Last August, after 11 years at The Oregonian, I left the newspaper because I wanted to learn more about the Southern states that shaped me. I spent a school year at Columbia University studying poverty, politics and education. Today all of it — my childhood, my working life — paid off in a dream job. I'll spend the next school year writing about inequality and education in Louisiana and Mississippi for the Hechinger Report, a journalism nonprofit that consistently produces some of my favorite work about the South. I'll still be freelancing (and have two non-Hechinger pieces in the works right now), but I'm so grateful for the chance to go home.
The hazy days of summer are drying up, but I'll be sitting riverside until the pink light fades. I can't get enough of Angel Olsen and Sharon Van Etten.
Years ago, one of my first as a reporter in Oregon, I went to a Gresham-area high school to work on a story. The district was in the middle of a big budget crisis, so I was visiting classrooms to learn how the cuts might affect kids. A student met me in the office to show me the way to the writing class I’d arranged to watch. His name was Aaron.
He was funny and polite, the rare teenager who held nothing back when we talked. He was a quadriplegic, and he told me that he was trying to figure out how he could write a book when he couldn’t move any of his limbs. Later that day, I told the office secretary how much Aaron had impressed me, and she scoffed. She told me he was “evil,” a brat who tried to mow other kids down with his wheelchair. Her comment annoyed me so much I made sure to track him down on MySpace. I considered writing about him but decided I’d rather be his friend. He was 16 when we met, already more mature than most of the people I knew in my 20s. He’d been abandoned by both of his parents and lived in a foster home with a dozen or so mostly nonverbal kids. His dad eventually came back into his life, and I tried (but failed) to help him find his mother.
That first year, I visited him every other weekend. He liked antique swords, black Converse and strawberry red soda. When he turned 18, he moved across town into an apartment called “Quadriplegics United Against Dependency.” When he turned 21, I bought him a bottle of Jack Daniels, and we drank it through bendy straws. He wanted a cat, a girlfriend and a job in radio. He talked about writing a book and enrolling in college, but he never did either. Still, he taught me a lot in my early 20s. He introduced me to Korean instant ramen (and persuaded me that it tastes better with an egg poached in the broth). He taught me a good deal about politics and more than I wanted to know about anime. Few of North Portland's streets had curb cuts, I learned traveling with him, and if two people in wheelchairs were already on the bus, Aaron couldn't ride.
I pushed him too hard at times. He was so smart—and more than that, he just saw the world in a special way—that I wanted him to go to school and write that book. I was young then and probably grew too impatient when he didn’t have the strength to follow up on things like registering for classes. I made mistakes: I got his hopes up every time I found a new address for his mom. He’d dictate a letter to me, and I’d write it and send it, and he’d never hear back. I’d help him fill out an online dating profile, touching up the descriptors to render him the way I saw him—not the way he saw himself. Still, girls wouldn’t write. Life really isn’t fair, he told me. Sometimes things just suck and no amount of willpower can overcome that.
Eight or so years ago, he decided he wanted to try to make a documentary of his life. We did maybe three long interviews, and though we never did edit them into anything, I always felt grateful that we’d taken the time to ask each other real questions. We occasionally went out to eat or to see a movie, but mostly we just sat in his room and talked.
He died a few months ago, I found out tonight. I hadn’t emailed him since December, back when I was in New York and distracted by the flurry of pages to read and write. I’m so sad that I missed a chance to see him again, but I’m grateful we made all those videos. He had other friends, better friends, than me, but I cherished him as a person and as a thinker. Though he was often depressed, I never saw even a sliver of the “evil” boy that school secretary described. She was wrong, I knew then and learned over and over again. Here he is at 18, talking a tiny bit about what his life was like.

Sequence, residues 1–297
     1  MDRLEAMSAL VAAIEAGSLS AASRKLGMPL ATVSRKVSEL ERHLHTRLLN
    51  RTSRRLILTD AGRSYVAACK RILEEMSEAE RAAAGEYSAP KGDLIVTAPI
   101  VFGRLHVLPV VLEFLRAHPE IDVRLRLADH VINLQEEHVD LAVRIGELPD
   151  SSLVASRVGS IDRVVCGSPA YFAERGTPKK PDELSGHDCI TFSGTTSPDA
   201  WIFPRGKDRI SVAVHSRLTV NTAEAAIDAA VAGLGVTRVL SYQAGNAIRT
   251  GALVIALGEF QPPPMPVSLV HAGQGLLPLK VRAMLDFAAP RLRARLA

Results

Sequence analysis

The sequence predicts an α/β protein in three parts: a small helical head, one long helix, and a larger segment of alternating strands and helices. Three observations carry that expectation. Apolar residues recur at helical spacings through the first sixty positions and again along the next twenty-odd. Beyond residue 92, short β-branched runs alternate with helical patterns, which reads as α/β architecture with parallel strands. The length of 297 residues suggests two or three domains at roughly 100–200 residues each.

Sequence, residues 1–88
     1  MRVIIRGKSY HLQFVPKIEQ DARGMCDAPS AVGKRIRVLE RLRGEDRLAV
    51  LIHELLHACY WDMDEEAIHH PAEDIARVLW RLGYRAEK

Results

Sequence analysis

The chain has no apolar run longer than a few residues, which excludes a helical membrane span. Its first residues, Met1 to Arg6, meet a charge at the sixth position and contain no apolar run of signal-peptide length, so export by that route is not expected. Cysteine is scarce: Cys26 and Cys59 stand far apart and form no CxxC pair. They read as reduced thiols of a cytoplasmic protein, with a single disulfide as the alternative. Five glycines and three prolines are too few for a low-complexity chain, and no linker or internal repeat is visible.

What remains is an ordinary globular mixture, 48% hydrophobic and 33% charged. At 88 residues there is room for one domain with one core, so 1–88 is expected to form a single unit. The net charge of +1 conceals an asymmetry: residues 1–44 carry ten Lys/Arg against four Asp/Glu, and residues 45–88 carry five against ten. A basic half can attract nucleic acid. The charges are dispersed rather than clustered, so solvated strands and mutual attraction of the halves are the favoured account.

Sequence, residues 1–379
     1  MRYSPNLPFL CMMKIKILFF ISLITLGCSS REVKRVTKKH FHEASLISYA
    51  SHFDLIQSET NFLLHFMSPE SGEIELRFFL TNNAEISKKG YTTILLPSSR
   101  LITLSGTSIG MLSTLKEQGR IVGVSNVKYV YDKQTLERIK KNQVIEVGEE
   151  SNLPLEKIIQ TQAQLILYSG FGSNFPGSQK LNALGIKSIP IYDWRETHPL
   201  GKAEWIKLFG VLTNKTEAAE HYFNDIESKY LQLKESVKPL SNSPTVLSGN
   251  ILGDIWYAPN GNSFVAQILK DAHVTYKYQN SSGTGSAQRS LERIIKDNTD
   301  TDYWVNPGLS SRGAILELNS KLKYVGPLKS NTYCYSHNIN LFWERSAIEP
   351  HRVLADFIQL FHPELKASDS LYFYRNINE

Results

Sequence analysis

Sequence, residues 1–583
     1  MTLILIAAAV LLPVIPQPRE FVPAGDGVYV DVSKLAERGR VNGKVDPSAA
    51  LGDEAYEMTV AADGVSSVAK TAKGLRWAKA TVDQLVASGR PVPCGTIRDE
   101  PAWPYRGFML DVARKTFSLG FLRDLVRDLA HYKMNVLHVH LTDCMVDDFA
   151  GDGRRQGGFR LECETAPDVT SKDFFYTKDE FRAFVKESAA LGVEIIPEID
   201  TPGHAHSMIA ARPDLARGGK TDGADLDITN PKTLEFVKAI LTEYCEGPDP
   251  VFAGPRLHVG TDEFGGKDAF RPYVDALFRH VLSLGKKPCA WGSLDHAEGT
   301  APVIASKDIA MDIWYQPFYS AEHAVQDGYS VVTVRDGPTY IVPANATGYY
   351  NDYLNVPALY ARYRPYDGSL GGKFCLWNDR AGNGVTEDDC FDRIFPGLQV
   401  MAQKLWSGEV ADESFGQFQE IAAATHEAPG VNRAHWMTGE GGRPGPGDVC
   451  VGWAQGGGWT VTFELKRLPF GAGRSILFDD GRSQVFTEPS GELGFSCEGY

I'm still twisted sad here, writing every day in the Portland Community College library. But I've been hiking and biking and swimming, listening to happier songs and trying to pretend.
No one danced like my mother. Her sways were swings, hips-guiding glides across the floor. Occasionally she danced with other people, but she was at her best alone. She’d lead herself, one arm in the air, the other on her stomach, in a smooth box step. Music took her somewhere. I remember being a little kid and watching from the back seat as she listened to Van Morrison's “Into The Mystic.” She closed her eyes and threw her head back against the car seat. Ecstasy.
She loved the Bee Gees so much that when Maurice Gibb died, she didn’t move from the end of her bed for three days. Even the least Bee Gee deserved her modified shiva.
She took me to see Titanic on opening night, and we vowed then that we’d see Celine Dion together one day. Back in 1997, when Celine put out her fifth album, we read somewhere that she’d never make another album unless she could make one better than “Let’s Talk About Love.” Impossible, we agreed. That record was perfect. And anyway, the Bee Gees sang a duet on it.
She moped to John Lennon. She twerked to Flo Rida. Two weeks ago, she danced in the street with my brother’s neighbors, strangers just a few hours earlier. Once, years ago, after a full night of Patron and Black Eyed Peas hits, Neola and I watched her persuade my father to slow dance to “Bitches Ain’t Shit.”
She pawed through every clearance section in the mall to find me the perfect prom dress. She made me slow dance with her in the dressing room to determine which one fit best. She once jumped out of the car in the McDonalds line to do the “Livin La Vida Loca” dance in the parking lot. She could Shuffle and Wobble or take it country to the Boot Scootin Boogie.
Two years ago, we went to Mississippi, and she cheered and swayed those hips as a transwoman sang Shania Twain’s “Man! I Feel Like a Woman!” the same day the state passed its anti-LGBT bill. Afterward, she rushed up to the stage to tell the woman how much the performance meant to her as a woman who was trying to make sense of femininity after losing her breasts.
Last month, at my brother’s wedding, she did the Conga and the Cha Cha. She attempted a broken salsa then swirled herself back into that one-armed solo dance she did best. The dance floor emptied out when “Guilty,” her favorite song, came on. She pulled me, and I leaned into her, but after awhile I just watched. She was such glory moving.
She spent her last day with the Bee Gees playing from my dad’s cell phone. The only solace I can take is she didn’t live long enough to see Barry Gibb die.
When that fog horn blows
You know I will be coming home
And when that fog horn whistle blows
I gotta hear it
I don't have to fear it
And I wanna rock your gypsy soul
Just like way back in the days of old
And together we will float
Into the mystic